'Nobody should face dementia alone' – why we need to invest in support after a diagnosis

As a Consultant Occupational Therapist in the NHS, Liz knows the problems that people can face accessing dementia support. She explains why the Government must focus on the support after a dementia diagnosis, not just receiving one.

We all have the right to live a fulfilling life, and people affected by dementia have the right to a timely diagnosis, allowing for compassionate, personalised care. This is why I joined the NHS, to live my values, and allow others the support they deserve.  

In my role as Consultant Occupational Therapist, I work with the memory and community mental health services in my area. The care we provide is received after diagnosis from a specialist, who gives immediate support. But with a complex condition such as dementia, support must be ongoing and wide-ranging. 

From medication reviews to accessing local support groups, and services such as occupational therapy, it is essential that care is tailored to meet every individual's needs. However, with the system underfunded and overstretched, making sure that people can access interventions and support after a diagnosis can be seen as an optional extra. When, in reality, this support can enable people to live well with their condition and is why many seek a diagnosis.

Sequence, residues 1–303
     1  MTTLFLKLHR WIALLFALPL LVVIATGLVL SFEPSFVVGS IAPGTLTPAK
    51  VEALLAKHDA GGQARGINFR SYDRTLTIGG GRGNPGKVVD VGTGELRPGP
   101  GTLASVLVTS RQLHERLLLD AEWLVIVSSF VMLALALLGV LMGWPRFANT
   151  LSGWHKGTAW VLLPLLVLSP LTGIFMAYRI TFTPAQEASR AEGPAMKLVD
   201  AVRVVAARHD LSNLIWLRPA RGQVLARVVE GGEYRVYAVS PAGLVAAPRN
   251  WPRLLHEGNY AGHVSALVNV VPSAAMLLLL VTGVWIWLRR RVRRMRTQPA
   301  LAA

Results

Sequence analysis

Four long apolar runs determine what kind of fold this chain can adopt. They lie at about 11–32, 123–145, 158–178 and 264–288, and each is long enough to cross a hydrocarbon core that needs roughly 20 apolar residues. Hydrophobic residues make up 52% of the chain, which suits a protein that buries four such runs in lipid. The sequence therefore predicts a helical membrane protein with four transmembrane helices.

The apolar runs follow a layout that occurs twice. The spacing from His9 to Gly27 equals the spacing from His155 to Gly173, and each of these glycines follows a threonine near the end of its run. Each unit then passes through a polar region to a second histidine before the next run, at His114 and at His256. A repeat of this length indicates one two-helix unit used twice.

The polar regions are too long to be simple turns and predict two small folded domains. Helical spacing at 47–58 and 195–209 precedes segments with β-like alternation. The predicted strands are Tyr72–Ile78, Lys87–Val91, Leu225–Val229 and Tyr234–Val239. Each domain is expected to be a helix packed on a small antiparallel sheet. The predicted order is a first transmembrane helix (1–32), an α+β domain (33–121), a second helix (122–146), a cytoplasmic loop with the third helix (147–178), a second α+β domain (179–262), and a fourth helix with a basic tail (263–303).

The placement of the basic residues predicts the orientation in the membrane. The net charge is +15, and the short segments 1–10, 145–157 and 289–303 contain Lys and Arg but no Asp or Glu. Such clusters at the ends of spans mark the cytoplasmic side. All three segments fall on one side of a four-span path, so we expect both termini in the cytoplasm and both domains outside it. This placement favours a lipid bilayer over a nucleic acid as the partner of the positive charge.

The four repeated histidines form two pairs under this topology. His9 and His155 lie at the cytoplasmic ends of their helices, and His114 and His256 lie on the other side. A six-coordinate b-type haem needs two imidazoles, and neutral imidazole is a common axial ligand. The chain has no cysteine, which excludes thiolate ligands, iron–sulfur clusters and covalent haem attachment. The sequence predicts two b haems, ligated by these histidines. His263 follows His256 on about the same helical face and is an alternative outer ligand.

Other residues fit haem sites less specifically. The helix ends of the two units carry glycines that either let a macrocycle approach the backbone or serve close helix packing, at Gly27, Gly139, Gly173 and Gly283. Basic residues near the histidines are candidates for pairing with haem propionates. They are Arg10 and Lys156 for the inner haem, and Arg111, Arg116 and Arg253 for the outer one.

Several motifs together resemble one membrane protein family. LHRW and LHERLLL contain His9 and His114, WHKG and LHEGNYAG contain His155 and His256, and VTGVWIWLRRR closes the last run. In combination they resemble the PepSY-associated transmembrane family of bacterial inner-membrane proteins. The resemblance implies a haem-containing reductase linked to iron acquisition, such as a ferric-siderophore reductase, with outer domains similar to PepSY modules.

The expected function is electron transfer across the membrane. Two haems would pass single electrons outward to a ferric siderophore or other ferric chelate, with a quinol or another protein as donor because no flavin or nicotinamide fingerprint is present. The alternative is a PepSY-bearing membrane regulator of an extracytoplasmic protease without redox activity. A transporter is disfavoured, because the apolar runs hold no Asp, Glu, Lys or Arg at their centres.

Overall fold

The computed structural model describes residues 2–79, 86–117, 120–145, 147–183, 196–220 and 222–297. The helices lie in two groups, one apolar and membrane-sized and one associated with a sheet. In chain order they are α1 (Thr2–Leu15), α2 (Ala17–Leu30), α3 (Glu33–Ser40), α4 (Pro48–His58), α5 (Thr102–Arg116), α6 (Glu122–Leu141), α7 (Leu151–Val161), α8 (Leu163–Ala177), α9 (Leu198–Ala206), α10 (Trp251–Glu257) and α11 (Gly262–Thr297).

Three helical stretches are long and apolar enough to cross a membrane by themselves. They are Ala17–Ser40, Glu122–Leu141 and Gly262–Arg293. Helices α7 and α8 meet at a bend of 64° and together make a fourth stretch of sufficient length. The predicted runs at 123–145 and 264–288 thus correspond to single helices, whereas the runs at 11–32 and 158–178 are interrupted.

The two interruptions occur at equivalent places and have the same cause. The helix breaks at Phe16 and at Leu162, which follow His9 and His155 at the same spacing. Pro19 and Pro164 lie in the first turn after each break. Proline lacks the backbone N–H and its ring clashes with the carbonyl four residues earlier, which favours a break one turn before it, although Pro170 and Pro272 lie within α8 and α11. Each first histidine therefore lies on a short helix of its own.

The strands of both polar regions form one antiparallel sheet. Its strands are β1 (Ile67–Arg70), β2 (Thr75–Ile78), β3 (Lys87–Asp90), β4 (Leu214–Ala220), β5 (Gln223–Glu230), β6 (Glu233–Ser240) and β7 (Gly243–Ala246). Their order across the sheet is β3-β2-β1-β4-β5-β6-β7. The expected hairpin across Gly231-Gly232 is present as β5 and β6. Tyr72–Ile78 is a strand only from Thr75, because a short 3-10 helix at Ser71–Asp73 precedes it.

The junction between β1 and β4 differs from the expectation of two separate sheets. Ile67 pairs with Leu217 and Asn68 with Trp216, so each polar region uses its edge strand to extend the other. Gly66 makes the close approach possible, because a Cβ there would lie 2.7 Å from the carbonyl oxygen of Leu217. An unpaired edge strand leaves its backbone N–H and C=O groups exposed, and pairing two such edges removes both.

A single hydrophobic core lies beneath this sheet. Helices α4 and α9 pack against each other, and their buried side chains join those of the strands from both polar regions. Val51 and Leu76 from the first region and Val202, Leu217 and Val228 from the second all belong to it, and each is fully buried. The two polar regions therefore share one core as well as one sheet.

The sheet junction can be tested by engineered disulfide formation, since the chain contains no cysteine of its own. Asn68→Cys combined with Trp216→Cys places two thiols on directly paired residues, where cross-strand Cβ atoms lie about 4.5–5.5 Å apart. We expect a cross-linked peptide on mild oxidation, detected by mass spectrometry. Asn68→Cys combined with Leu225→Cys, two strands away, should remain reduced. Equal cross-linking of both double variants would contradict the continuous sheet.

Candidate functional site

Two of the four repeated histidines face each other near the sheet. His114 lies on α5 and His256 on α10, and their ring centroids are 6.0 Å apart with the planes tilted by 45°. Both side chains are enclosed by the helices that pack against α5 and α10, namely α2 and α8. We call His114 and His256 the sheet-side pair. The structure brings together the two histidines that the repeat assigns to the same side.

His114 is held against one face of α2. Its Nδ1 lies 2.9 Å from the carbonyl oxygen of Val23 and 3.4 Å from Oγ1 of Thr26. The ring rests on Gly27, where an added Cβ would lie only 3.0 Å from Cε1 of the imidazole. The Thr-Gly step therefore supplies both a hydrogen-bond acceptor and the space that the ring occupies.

Liz and Tarie with Alzheimer's Society CEO Kate Lee

Liz (centre) with Alzheimer's Society CEO Kate Lee (left) and NHS clinician Tarie (right)

After a diagnosis, three out of five people (61%) told us that they did not feel supported by the health and care system to cope with their diagnosis and manage their condition. 

[Source: Left to Cope Alone: The unmet support needs after dementia diagnosis]

Accessing the system to support my loved ones, and working in it to provide support, I have felt the squeeze of the pandemic on the NHS. But crucially for those accessing a diagnosis, the increased demand has created a system which is competing for resources internally.  

With an estimated 30,000 more people living in the dark about their diagnosis due to the pandemic, we are urged to increase diagnosis rates. But perversely, this means that my colleagues and I are pulled away from providing vital care after a diagnosis. 

Research shows that just 38% of people with dementia say they are receiving dementia services. 

Our dementia advisers are here for you.

We want to provide a system which is joined-up. This means different services talking to each other, so support is easier to access. But a lack of guidance after diagnosis often leads to a postcode lottery of access to effective care and support. 

We are between a rock and a hard place. We know our services can allow people to live independently for much longer and find care which suits their needs. But the complexity of the system and increased wait times often cause the needs of people to go unmet. This increases the likelihood of crises, such as hospitalisation and quickening deterioration.